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The number of UK homes connected to the Net plateaued in the three months to August, according to the latest stats from Oftel.

Home Internet use has grown steadily since Oftel's first study in January 1999.

In May 2001, Oftel reported that 40 per cent of UK homes were connected to the Net but in August, that figure dipped by one per cent.

According to the experts at the winged watchdog, it's too early to tell if this represents a change in the long-term upwards trend or whether this is just blip.

What's clear is that the role of flat-fee dial-up services has been vital in the growth of the UK's Internet market with just under half of those homes connected to the Net using some form of unmetered narrowband access.

This, Oftel reckons, is a key driver in getting lower income groups online and using the Net.

Elsewhere, the report found that dial-up access remained the most popular method for getting online.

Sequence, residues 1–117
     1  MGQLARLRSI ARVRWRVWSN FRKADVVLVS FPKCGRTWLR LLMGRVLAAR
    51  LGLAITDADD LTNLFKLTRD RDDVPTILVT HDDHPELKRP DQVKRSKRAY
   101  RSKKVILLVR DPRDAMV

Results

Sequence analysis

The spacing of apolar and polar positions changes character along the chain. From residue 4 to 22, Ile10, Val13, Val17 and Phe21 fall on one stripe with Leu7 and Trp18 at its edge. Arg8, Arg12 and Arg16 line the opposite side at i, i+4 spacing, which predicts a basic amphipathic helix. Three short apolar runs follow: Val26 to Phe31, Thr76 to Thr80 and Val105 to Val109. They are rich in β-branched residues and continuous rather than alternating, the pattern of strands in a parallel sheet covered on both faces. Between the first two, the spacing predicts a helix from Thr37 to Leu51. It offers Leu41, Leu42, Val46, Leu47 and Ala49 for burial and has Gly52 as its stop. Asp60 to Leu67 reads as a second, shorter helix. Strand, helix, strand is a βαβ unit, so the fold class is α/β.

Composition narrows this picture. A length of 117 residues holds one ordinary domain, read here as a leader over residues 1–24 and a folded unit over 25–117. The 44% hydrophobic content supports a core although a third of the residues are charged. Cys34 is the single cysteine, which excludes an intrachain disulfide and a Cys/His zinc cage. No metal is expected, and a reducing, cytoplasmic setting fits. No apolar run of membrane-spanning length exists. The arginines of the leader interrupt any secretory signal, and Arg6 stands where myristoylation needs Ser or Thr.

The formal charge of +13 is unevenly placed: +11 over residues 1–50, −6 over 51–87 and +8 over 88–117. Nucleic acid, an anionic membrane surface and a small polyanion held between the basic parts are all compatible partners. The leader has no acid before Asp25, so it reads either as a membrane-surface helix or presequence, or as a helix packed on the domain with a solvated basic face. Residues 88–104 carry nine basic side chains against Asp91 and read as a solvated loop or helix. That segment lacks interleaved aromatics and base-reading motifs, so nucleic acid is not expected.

No surprises there, but once again, the number of broadband users is so small - around one per cent - Oftel can only give an estimate of usage numbers.

However, we should all take heart because the winged watchdog is "planning to carry out an additional benchmarking exercise for the broadband market".

Note, it is "planning to" not "actually carrying out" this particular exercise.

Apparently, Oftel wants to establish "whether and if so why, UK consumers are making more or less use of Internet broadband access than other countries".

Heaven help us. ®

Related Link

Consumers’ use of Internet Oftel residential survey Q6 August 2001

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